10 ideas for charity marketing
- by helga
- 0 comments
Last month I participated in the Big Advice Day – Small Charity Week organised by the Foundation for Social Improvement (FSI). It was a whole day speaking to charities about their marketing and branding challenges, a marathon of five+ hours providing advice and guidance to help them improve charity performance.
This post is a summary of the topics that came up during the day – I hope it’s of use to other third sector organisations and social enterprises when thinking about their own challenges.
1 – Consider rebranding your charity only if you cannot achieve what you want by branding a single campaign
Branding is a very common issue and mirrors the difficulty of differentiating your charity from others in the same sector. Sometimes the legacy of a name is not quite right; sometimes the logo is clearly dated or not consumer-focused; sometimes the website or corporate image are not distinctive enough or representative of what the charity stands for. Rebranding comes up as an option on a very regular basis, not only at charities but in most organisations where the existing brand is not properly embedded in the organisation’s ethos.
My word of warning is: don’t rebrand just because you can. Your brand is a long-term commitment. It’s part of setting long-term goals for the organisation. Think of a 10 year plan at least before you rebrand. If there is no fundamental change in direction maybe you could create a campaign with specific objectives and define an identity for that campaign, as an alternative to reviewing the overarching brand? This is the best solution for about 90% of the cases where people ask me if they should rebrand.
If after considering your long term needs you still think you need a rebrand, make sure you a) have support from the main directors b) are able to lead a consultation with key stakeholders; and c) have the freedom to choose a creative option without being bound to a ‘decision by committee’. Rebranding can be a lengthy, costly process and at the very least you’ll need to avoid the mistakes that led you to the wrong brand in the first place.
2 – Your website not only tells your story but it also drives people where you want them to go
Most commercial brands see their website as a means to an end. Telling a story is great because people like stories, and if it’s a powerful story like in the case of most non-profits then it makes perfect sense to feature it prominently. However your website should support your objectives in a very clear and direct way as well, even if they’re not always as straightforward as with commercial brands.
Get a sheet of paper and list the 3 things you’d like to achieve in the next 6 months. Is it donations? Volunteers? Is it for people to contribute in kind, or participate in a campaign? Now look at your website and make a diagram of how your pages are supporting these objectives. There should be a call to action in each single page. What do you want people to do next after reading the content on that page? Calls to action need to be visible throughout the user journey and must always relate to the objectives you have set.
Websites tend to grow and become unwieldy, and if you don’t do this exercise often enough your main objectives will become buried in layers of content. Content should be there to inform, engage and nudge people onwards.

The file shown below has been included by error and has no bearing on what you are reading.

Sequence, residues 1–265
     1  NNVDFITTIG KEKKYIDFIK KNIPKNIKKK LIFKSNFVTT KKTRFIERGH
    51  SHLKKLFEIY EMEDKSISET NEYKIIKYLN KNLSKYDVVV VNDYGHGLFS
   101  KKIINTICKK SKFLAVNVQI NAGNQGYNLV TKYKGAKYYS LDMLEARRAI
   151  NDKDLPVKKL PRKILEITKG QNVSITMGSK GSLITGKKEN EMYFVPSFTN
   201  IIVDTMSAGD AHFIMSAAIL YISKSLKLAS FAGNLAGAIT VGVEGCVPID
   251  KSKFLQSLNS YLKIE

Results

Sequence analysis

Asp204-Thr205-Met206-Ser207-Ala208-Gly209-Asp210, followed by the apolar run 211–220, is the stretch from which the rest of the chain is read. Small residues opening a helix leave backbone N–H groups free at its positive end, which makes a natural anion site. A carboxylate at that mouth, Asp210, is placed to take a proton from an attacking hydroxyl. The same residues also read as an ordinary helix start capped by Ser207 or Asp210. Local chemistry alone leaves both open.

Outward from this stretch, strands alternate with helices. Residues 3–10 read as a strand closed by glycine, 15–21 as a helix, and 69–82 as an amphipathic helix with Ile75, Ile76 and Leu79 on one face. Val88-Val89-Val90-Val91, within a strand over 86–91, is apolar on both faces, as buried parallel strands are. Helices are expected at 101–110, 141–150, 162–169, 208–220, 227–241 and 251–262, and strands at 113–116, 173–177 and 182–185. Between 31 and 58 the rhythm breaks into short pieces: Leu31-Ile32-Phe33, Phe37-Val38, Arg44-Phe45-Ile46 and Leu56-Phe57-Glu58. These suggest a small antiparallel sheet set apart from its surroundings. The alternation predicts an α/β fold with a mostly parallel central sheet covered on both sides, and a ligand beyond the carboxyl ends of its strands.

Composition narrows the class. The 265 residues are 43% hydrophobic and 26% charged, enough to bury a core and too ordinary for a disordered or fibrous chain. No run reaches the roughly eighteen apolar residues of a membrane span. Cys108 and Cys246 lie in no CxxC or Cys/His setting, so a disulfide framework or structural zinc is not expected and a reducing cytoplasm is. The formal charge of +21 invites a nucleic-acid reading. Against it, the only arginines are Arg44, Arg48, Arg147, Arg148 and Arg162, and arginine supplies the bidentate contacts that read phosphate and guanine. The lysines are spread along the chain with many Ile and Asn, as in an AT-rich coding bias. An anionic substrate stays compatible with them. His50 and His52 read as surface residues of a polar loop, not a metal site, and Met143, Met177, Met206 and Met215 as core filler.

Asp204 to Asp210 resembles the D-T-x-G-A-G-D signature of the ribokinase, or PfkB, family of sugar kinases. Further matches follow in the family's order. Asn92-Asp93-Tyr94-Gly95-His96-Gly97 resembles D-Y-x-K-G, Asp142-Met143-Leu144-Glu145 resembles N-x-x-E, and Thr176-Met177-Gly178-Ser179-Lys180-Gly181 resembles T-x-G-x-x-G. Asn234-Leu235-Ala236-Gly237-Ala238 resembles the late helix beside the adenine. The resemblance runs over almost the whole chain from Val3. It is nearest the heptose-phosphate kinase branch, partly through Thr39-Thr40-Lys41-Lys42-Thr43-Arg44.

3 – If your website is not optimised for mobile you may be losing out on 25% of donations
A recent research by Google with over 2 million US charity donors showed that about 25% of charity donations were made on a mobile. That’s how much you may be losing if you thought mobile was not a priority. Similarly, in another survey, 25% of mobile users reported that they don’t even use a desktop or a laptop anymore.
There are two main options: tell your web developers to create a separate version for mobile users (usually with a simplified one-button menu at the top, and less content than the desktop site) or ask them to implement a ‘responsive design’ template. Responsive designs are great because they adapt seamlessly to whichever screen or browser window size. Responsive design would definitely be my recommendation because ‘mobile’ is a spectrum, not a dichotomy – we’re talking about users that can easily switch between smartphones, laptops and iPads on the same day, and to iWatches and other wearables in a near future.
Many websites are now optimised for mobiles and smaller screen sizes as a default, and not the other way around – I would argue that any non-b2b organisation should consider this option seriously.
4 – Organise your marketing efforts by grouping your activity into annual cycles
This may sound like common sense but a lot of charities are not doing it yet. The idea is to organise your efforts into campaign cycles that you can focus on at a time and repeat every year. For example, from August to November you can have a campaign targeting corporate donors and focusing on the usual charity donations for Christmas/ holiday season; from January to April focus on individual donor fundraising efforts through sports and other ‘challenges’; from May to July organise an ‘Awareness Day / Week / Month’ in schools or at the workplace. This will make it easier to plan your activity, focus on your objectives, write relevant content and engage with people through social media.
5 – Show the impact you’re having – here’s a simple framework for demonstrating social impact
In the same survey by Google, a charity’s impact is mentioned by 81% of people as the most important factor in their decision to donate.
Always add information about the impact of the projects/services you run and facilitate, both with hard data and statistics but also through real stories of people in the communities you serve.
A good starting point about evidencing social impact is the NESTA (National Endowment for Science, Technology and the Arts) report Standards of evidence for impact investing. The five levels of evidence are based on the standards from the Greater London Authority’s Project Oracle and are straightforward and helpful even if you’re not applying for NESTA funds.
6 – Try pay-per-click and Google Adwords but test conversions before spending more time